This upcoming year “Tiefensucht” will hopefully be screened at
several film festivals. I would be very happy if you get the
opportunity to watch it.

For any comments, questions, critics of whatever it may be,
please feel free to contact me any time at
5. Do You Want to Write an Article for The Director’s Chair?

If you would like to contribute articles, tips, links of
interest, industry news, interviews, special event dates or
other resources to The Director’s Chair, please email me at:

6. The History of Film

1. The History of Film (Wikipedia)

2. Cinema History: A History of Cinema Through the Decades

3. Early Cinema

4. Film History by Decade

5. VIDEO: The History of Motion Pictures

6. VIDEO: The History of Movies in 424 Images from Films.

7. VIDEO: The History of Motion Pictures

8. VIDEO: The Very First Motion Picture (1889)

9. VIDEO: Greatest Moments in Film History (Part 1)

10. VIDEO:  History Of Cinema


Each month, I give two subscribers an opportunity to promote
themselves, their company or their productions in this
section. If you are interested, send your “shameless
self-promotion” to: mailto:pdm@actioncutprint.com.

Please limit your promotion to less than 200 words. I also
reserve the right to edit the promotion for length, spelling
and formatting.

1) Ian Agard – I am a 34 year old entrepreneur, filmmaker
living in Toronto who has been working in the North American
film industry for over five years. In early 2008, I shifted my
talents towards writing, directing and producing where through
my production company Agardfilm; I have produced two ten
minute films and a feature length film, “Bend & Break.” I have
also written an ebook title “Stop Waiting and Make Your Movie”
which offers first and second time feature filmmakers sound
advice on how to raise $5,000 to $500,000 to make their film.
Click on the links below for more information.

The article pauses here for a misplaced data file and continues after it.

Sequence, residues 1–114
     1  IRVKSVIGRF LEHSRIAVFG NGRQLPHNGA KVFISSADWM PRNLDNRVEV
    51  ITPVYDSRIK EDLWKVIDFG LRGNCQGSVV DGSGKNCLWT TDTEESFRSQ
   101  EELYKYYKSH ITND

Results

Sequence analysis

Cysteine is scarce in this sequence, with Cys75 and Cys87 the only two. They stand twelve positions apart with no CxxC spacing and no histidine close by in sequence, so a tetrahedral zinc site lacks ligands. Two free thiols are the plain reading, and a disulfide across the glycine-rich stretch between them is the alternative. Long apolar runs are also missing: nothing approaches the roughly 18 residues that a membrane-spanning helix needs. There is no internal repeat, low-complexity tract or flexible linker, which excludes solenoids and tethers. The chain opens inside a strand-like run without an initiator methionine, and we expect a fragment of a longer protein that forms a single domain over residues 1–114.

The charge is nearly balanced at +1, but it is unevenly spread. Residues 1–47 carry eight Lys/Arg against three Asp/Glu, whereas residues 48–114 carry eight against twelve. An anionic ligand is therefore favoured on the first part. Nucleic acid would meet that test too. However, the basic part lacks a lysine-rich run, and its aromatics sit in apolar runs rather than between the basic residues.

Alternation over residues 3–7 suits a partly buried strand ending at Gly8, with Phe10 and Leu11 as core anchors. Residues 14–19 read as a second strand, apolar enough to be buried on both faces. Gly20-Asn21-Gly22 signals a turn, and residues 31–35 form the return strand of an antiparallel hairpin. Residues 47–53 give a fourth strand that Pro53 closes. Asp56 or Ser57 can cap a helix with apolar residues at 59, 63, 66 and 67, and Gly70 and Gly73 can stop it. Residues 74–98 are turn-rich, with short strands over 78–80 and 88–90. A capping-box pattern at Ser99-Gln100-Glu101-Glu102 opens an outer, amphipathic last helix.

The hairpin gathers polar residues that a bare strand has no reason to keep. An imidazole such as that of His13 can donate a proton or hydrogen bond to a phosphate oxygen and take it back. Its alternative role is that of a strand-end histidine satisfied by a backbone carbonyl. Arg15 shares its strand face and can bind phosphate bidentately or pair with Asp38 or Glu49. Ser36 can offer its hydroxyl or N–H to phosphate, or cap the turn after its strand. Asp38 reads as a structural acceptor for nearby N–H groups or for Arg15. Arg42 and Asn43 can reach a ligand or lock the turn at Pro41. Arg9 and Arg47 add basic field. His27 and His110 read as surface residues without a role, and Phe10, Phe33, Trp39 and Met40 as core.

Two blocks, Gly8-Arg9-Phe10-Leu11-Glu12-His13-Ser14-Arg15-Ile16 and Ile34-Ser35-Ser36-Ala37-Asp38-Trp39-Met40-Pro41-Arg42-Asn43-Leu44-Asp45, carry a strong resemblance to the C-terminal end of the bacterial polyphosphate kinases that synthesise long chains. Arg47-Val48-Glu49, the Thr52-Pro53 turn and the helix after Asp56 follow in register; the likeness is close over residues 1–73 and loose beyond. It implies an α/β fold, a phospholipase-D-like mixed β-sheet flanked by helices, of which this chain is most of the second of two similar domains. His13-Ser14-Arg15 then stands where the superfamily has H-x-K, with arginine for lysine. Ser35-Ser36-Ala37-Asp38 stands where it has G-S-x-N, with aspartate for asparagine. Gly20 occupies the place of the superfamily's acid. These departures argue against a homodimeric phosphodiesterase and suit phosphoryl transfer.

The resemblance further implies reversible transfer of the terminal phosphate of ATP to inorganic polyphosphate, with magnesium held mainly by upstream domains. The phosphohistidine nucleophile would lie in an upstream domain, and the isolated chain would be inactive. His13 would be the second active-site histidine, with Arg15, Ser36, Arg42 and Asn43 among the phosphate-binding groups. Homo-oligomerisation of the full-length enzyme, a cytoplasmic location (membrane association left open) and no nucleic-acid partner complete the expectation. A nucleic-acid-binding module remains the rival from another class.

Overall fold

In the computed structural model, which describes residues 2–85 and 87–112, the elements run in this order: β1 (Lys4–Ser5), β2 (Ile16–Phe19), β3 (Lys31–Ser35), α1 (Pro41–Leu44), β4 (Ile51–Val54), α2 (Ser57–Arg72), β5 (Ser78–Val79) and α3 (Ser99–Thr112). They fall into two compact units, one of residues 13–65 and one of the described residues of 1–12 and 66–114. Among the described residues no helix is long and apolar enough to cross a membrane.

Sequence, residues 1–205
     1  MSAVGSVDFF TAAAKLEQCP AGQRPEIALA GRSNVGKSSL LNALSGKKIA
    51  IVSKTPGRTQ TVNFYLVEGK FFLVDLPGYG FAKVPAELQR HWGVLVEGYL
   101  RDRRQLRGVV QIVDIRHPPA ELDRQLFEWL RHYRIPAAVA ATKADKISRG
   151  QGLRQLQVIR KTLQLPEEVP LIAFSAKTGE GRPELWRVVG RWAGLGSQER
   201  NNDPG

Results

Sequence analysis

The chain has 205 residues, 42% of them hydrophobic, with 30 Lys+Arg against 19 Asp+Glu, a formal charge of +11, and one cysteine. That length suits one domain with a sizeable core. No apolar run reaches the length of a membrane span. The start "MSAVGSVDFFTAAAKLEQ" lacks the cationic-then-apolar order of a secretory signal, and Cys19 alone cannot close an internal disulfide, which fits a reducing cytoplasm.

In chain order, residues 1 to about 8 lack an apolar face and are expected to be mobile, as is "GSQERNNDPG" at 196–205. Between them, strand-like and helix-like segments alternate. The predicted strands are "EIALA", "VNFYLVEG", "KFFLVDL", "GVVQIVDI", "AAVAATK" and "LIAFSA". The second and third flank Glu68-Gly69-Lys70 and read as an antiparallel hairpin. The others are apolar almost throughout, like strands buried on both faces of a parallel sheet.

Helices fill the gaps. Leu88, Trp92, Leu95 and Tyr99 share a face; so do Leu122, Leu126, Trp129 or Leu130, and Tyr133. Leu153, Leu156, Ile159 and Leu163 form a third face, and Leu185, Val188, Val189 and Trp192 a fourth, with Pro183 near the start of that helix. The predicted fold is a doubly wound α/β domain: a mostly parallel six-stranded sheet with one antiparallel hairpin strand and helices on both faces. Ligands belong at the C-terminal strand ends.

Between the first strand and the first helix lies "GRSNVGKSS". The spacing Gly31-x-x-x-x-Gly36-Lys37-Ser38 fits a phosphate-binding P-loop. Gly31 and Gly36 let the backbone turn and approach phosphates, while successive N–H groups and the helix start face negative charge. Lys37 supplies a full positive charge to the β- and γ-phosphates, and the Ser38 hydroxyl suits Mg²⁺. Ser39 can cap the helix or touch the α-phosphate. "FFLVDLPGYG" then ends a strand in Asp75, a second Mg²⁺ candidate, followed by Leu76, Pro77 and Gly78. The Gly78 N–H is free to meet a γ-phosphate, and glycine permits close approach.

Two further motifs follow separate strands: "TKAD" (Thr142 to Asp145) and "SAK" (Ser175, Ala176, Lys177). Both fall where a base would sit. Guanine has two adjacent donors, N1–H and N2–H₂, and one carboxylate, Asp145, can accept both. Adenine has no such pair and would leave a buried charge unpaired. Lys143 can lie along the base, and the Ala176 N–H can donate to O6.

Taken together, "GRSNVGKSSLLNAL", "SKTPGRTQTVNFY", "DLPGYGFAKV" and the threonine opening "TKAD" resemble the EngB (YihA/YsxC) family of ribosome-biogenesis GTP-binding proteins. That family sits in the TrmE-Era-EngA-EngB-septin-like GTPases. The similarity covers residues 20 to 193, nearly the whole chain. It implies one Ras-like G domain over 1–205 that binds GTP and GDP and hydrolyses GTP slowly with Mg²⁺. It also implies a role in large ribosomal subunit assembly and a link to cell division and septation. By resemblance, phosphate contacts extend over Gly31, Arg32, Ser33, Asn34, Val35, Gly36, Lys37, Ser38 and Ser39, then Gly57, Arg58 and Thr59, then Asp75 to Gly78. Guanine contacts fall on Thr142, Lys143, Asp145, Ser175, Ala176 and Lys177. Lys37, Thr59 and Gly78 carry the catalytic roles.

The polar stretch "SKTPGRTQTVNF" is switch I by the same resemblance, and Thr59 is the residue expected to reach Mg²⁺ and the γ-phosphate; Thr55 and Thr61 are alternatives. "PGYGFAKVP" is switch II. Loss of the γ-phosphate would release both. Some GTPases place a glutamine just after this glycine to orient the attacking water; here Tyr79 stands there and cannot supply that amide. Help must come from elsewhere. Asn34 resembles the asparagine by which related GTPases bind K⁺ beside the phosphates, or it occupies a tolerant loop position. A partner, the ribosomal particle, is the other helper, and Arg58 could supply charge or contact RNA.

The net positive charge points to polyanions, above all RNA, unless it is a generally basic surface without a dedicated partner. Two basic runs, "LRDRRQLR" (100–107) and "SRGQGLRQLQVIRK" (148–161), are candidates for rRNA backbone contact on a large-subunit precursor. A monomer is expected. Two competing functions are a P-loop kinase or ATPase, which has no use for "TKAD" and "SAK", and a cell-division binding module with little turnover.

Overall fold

The ebook “Stop Waiting and Make Your Movie”:

Ian’s website: http://www.ianagard.com

Bend & Break promotional site:

2) TBA: (This space could be yours next month!)


“Subscriber Links of Interest” is where you can further
promote yourself, your company or your productions by having
your information displayed on a special links page at:

If you are a subscriber to this ezine and you want me to put
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Again, I also reserve the right to edit the promotion for
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Please take some time to look through the many blog postings
on my filmmaking blog, FilmDirectingTips.com and make some
comments on the posts – your feedback is important to me
because they will help me decide on the content I will add to
this blog.

RSS – http://filmdirectingtips.com/wp-rss.php
FEEDBURNER – http://feeds.feedburner.com/FilmDirectingTipsAndResources

Here are some of the latest blog entries I have made:

– Exclusive Interview: 1-1 With “Paranormal Activity” Director
Oren Peli
– Film producers find way to make Internet content pay
– Francis Ford Coppola Sees Cinema World Falling Apart
-Hollywood is relying on Twitter and Facebook to gauge popular
buzz on movies even before they come out
– Finance your film or TV show in 6 months. Winning funding
strategies for content producers


Twitter is a free social networking and micro-blogging
service that allows users to send and read other users’
updates (otherwise known as tweets), which are text-based
posts of up to 140 characters in length.

Twitter is one of the best and quickest ways for friends,
family or people with common interests to stay in touch.

It’s also becoming one of the best ways to promote yourself
and your films on the Internet!

If you have a Twitter account, let’s follow each other. You
can follow me at http://twitter.com/bcfilmmaker.

I also suggest you follow my partner Trilby Jeeves at

11. FILMMAKING WORKSHOPS – Peter D. Marshall

I have worked in the Film and Television Industry for over
35 years – as a Film Director, Television Producer, First
Assistant Director and Series Creative Consultant. I’ve been
asked many times to share my Film and TV production
knowledge with others. As a result, I developed several
workshops that I have successfully presented over the past
15 years.

To find out more about these workshops, just click on the
link below. If you are interested in any of these four
workshops for yourself or your organization, please contact
me to discuss how we can bring these workshops to you.